What is the American Dream? Is it fame? Is it fortune? President Franklin
Roosevelt explained the American Dream as freedom of speech, freedom of
religion, freedom from want, and freedom from fear. (AAC) I think that the
American Dream is different for everyone. It is simply the urge for a better life.
The American Dream is still valid but is totally different from what it used to be.
For the early immigrants the American Dream was a better life not with
material goods, but by freedom. Freedom to worship whoever they want.
Freedom to say whatever they want without fear of being arrested or shot. (AAC)
This Dream stayed with America untill the 1900’s. That’s when things started to
change. Norman Rockwell was a famous artist during 1910’s through the 1930’s.
Rockwell drew pictures of the American dream during his time. His art of the
American dream consisted of families having a great time, or of a happily
married couple. The American Dream was happiness with a family or
a loved one.
The ending of war caused the American Dream to completely changed. I
think it’s because we no longer had to worry about freedom, we filled the gap of
freedom with wealth.The American Dream is now to marry a beautiful wife, start
a family, and become rich. It’s turned into greed. Everyone’s dream is to become
just like Bill Gates. People no longer do their work because they enjoy it. They
do their work because of the money. A perfect example of this is pro baseball.
When Major League Baseball first started the players did it because they loved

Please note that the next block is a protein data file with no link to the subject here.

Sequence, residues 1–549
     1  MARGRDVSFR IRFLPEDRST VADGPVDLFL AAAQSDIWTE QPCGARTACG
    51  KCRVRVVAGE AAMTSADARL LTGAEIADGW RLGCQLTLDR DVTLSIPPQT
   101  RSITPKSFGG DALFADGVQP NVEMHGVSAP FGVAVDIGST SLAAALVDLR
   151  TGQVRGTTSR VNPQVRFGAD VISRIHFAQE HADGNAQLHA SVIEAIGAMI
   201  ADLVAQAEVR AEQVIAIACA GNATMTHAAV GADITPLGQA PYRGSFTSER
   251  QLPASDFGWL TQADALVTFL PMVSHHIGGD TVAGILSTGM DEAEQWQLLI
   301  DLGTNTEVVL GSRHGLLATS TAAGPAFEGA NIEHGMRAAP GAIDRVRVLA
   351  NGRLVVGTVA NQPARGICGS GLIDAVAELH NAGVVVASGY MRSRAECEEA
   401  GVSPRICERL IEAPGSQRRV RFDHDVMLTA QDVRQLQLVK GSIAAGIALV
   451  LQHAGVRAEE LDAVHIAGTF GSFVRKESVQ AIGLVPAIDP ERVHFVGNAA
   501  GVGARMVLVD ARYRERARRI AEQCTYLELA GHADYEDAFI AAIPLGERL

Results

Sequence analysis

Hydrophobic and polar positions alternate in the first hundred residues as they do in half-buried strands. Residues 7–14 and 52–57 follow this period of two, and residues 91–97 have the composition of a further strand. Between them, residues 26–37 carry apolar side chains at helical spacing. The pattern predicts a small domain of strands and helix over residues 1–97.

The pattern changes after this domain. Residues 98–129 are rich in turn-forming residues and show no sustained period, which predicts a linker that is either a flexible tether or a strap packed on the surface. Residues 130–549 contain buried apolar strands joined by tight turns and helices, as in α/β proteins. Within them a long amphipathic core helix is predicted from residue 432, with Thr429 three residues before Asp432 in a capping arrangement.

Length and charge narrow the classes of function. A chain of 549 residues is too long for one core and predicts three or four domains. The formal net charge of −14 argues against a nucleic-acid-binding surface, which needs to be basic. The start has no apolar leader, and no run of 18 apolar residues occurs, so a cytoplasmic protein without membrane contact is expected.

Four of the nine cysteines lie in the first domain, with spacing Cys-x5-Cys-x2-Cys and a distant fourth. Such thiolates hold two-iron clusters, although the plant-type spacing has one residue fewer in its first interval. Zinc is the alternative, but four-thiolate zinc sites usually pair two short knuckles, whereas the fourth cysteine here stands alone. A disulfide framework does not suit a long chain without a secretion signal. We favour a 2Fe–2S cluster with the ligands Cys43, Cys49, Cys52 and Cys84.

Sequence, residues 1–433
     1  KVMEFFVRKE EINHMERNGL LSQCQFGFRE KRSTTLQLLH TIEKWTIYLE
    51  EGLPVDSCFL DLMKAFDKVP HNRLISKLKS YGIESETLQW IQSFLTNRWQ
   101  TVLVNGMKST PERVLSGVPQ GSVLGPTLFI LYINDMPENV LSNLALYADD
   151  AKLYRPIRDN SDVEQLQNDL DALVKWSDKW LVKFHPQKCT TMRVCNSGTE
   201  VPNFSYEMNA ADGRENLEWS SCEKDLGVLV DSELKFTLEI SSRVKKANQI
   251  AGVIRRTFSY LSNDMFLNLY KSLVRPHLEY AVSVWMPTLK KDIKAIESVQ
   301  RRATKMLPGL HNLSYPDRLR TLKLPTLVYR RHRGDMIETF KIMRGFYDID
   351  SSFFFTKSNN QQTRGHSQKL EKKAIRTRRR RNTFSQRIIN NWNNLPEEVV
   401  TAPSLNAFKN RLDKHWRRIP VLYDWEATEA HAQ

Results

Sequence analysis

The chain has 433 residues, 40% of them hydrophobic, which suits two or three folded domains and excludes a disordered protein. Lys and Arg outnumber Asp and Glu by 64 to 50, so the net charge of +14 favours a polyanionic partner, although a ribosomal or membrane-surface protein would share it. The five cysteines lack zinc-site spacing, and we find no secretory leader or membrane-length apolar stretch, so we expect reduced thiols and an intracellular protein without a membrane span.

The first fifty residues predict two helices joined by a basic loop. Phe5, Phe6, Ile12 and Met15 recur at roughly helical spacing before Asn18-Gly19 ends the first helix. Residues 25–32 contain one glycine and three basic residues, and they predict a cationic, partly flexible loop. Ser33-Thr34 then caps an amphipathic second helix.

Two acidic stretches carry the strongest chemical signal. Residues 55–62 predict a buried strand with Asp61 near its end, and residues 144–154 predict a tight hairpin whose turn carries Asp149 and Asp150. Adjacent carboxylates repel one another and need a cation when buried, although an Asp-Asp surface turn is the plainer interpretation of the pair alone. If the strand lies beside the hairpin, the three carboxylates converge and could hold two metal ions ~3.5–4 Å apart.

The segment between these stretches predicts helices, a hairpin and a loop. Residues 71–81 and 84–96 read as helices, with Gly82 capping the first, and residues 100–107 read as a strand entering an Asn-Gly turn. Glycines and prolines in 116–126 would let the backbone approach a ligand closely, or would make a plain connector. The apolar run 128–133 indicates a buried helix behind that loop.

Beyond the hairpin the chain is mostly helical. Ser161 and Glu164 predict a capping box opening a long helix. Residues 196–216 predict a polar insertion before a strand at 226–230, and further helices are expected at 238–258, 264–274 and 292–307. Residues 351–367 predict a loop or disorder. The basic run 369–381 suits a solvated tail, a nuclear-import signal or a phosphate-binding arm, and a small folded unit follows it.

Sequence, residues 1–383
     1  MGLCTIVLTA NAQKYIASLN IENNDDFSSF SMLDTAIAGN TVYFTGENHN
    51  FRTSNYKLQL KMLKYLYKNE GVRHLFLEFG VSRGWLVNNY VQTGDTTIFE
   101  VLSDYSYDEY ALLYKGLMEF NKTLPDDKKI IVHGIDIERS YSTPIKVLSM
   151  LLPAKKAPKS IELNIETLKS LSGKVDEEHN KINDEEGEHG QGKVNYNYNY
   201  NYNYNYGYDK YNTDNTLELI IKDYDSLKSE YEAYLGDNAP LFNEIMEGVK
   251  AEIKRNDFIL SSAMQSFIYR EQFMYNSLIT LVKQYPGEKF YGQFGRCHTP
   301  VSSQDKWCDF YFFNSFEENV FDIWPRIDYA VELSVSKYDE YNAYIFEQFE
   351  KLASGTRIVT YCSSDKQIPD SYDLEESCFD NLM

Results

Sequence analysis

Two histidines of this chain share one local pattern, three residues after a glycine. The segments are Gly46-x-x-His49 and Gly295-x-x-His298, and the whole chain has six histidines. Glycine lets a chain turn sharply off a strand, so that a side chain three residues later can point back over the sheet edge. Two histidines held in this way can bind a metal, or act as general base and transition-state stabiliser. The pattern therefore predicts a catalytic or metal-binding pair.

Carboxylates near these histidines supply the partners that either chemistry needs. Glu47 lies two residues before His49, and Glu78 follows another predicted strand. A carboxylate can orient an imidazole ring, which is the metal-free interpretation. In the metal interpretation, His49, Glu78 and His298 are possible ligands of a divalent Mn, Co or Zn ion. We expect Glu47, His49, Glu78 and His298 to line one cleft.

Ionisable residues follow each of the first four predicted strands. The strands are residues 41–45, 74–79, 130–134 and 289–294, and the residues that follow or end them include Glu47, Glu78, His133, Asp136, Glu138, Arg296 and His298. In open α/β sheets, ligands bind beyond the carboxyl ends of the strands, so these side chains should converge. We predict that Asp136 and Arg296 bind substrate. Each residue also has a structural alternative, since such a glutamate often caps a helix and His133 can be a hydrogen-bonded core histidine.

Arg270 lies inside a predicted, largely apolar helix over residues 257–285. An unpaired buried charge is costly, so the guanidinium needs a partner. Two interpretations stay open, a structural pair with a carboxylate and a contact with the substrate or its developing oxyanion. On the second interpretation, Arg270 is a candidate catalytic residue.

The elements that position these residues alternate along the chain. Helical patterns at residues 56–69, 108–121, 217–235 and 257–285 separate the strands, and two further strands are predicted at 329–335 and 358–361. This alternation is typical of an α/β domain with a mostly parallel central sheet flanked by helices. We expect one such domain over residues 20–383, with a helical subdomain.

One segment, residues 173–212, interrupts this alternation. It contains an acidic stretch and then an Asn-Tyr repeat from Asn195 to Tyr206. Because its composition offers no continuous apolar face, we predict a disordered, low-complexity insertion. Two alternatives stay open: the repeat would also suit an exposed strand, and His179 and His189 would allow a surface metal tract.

the game and loved playing in front of the huge audiences. They got paid low
wages but still plated the game because they loved it. Major League players
these days complain because they’re not getting paid enough when they are
making millions of dollars a year. Kids set their goal to become a pro baseball
player so that they can earn millions of dollars too.
Arthur Miller does a great job illustrating the new, corrupted American
Dream in his play “Death of a Salesman.” Arthur Miller shows us that the
American Dream is valid, but those who hope to substitute popularity and lucky
breaks for hard work are likely to fail. Miller does this by using characters such
as Willy Lowman who can’t achieve his American Dream of becoming rich and
In Miller’s Death of a Salesman, Willy Loman makes two grave mistakes
while trying to achieve his American Dream. Willy grew up believing that being
"well-liked" was important to becoming a success. (Death, Homewok hotline) He
believed that being well-liked could help you charm your boss and open doors in
the business world. (Garrison) A perfect example is on page 64 when Willy is
preparing Biff for a job interview with Oliver. He says “Don’t wear a sport jacket
and slacks when u see Oliver. Wear a business suit, and talk as little as
possible, and don’t crack any jokes.” (Miller, Death of a Salesman) This just
shows how worried he is...